For the countries who have already incorporated this “futuristic” way of life, the transition will be easier that for the rest of the so-called “developing nations” or better stated, living in poverty. For these countries, it will be harder to accommodate these changes at the same rate, even if it’s a matter of life or death. The gaps that used to be measured in terms of economic metrics are now measured in terms of those who have access to the “new world” and those who are condemned to remain behind.
But even for developed nations, this crisis represents great challenges. The technology is only the medium, but what is actually changing is the dominant culture—the fabric of our social and political structures. One particular challenge is the border between ethics and technology which will become a philosophical discussion on the top of the agenda without global transcendence.
The countries that utilized data for tracking their citizens for control of the spread of the virus have been the most successful at containing it, such is the case in China, Taiwan, Japan, Singapore, Israel and South Korea. In Europe and other western nations, they can spend years arguing about it without coming to an agreement.
I don’t question the right to privacy, but some emergency situations should be considered beforehand. One thing is certain, for the larger economies, the lengthy bureaucratic response is no joke when you’re talking in terms of survival. The majority of our institutions, at least those that operate on a global scale, will become obsolete if they do not manage to adapt.
Orwell said the most important thing is not to keep ourselves alive but to keep ourselves human. On a scale even larger than human history, we are a species with remarkable destructive capabilities. For homo sapiens to reign supreme, we destroyed things everywhere.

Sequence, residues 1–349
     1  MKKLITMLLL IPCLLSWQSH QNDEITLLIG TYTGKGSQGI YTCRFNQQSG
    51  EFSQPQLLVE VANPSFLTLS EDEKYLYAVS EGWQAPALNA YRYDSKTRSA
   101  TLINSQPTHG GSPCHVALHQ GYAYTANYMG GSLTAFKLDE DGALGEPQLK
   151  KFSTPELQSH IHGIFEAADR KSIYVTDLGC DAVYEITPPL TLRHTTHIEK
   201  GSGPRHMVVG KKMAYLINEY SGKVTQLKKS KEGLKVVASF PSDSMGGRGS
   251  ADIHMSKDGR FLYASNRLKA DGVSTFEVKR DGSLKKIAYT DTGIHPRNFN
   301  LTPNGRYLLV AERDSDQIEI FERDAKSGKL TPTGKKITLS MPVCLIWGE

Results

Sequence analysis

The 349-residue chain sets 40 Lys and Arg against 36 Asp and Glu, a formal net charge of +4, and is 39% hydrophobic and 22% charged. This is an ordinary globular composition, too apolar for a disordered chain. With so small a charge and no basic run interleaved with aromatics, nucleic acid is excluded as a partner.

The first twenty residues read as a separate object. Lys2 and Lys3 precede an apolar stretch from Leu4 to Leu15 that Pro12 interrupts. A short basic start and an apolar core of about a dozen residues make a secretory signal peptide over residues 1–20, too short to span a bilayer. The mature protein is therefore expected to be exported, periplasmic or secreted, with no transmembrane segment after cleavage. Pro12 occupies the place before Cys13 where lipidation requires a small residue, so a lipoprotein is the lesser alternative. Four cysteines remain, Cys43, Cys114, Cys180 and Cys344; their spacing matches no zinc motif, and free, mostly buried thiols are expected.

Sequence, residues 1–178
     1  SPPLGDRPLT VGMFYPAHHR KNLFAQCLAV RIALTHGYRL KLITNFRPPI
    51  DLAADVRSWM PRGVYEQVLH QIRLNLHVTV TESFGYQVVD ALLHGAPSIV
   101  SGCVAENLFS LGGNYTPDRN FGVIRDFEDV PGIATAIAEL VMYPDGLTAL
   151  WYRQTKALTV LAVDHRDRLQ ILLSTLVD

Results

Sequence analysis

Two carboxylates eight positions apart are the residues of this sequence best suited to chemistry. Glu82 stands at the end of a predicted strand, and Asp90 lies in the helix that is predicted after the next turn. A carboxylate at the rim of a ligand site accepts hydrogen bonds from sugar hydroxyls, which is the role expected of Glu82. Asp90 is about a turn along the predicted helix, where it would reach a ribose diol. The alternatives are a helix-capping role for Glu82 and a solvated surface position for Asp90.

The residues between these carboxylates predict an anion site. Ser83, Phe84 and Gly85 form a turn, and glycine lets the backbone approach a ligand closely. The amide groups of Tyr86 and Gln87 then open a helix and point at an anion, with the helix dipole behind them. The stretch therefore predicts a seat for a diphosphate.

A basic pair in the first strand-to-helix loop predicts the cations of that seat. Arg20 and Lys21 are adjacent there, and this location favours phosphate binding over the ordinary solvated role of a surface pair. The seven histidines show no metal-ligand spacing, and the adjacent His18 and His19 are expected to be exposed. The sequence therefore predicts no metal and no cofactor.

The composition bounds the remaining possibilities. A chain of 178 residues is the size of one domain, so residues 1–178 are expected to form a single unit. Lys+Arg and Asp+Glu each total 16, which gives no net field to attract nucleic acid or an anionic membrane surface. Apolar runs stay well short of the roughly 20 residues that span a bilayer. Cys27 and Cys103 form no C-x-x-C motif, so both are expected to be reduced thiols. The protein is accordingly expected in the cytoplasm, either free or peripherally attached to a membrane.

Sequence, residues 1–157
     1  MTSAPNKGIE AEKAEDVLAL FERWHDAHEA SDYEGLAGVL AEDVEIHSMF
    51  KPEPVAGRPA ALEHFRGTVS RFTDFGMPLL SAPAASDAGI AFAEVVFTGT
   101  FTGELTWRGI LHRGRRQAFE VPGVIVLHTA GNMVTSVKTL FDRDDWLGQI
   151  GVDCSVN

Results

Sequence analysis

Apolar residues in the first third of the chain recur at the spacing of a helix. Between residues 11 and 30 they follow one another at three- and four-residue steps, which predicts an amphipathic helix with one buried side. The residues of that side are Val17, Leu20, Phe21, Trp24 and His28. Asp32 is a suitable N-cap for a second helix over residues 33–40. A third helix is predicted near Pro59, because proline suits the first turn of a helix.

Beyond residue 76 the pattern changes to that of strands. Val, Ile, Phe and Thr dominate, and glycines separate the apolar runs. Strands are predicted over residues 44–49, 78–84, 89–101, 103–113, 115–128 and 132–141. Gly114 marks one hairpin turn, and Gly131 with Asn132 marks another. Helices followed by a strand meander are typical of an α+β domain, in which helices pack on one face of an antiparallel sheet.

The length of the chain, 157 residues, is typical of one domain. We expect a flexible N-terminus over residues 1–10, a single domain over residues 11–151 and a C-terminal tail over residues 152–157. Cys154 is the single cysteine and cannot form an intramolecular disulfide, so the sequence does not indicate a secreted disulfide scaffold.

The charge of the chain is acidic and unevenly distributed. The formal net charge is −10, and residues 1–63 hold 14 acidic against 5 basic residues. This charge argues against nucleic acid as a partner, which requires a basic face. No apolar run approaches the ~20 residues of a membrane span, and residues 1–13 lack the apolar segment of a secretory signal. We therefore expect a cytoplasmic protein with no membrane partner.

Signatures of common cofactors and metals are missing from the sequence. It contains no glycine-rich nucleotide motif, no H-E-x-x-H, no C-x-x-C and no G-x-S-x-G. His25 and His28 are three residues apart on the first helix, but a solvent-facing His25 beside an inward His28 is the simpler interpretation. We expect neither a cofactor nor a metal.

There is something in our DNA that makes us destructive and greedy, and today we are experiencing the consequences (simultaneously and globally). Regardless, as the futurist Jamie Metzl has said, this pandemic that moves at the speed of globalization also offers up many solutions and tools that we can bring to this struggle which our ancestors could never have imagined.
This situation permits us to slow down, set our priorities straight and reconsider what we believe is valuable and “humane.” Physical contact, romance, sharing a meal, attending a concert or play, making love, working as a team, that lady who smiles at the store, a hug from colleagues, sharing in family time, kissing the kids…these are no longer things we can take for granted. What might we do collectively to preserve these privileges?
Some years back institutions with masters and doctoral programs in the science of happiness, were started, something seemingly exotic to some. Today, what we see revealed by this pandemic is that life is more fragile than we thought and for it to be worthwhile, we must collectively learn how to be “happy” in every way.
Meanwhile, let’s return to our quarantine, listening to the tick tock of our subconscious warning us that we have not even crested the wave, and once the storm passes, we will have tumbled down into the “new world.”